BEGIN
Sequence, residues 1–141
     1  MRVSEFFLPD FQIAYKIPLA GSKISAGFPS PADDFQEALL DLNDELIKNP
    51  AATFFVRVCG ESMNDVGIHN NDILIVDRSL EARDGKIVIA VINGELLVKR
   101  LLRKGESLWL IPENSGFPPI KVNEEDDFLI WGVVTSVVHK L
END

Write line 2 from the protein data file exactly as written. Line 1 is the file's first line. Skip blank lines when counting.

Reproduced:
     1  MRVSEFFLPD FQIAYKIPLA GSKISAGFPS PADDFQEALL DLNDELIKNP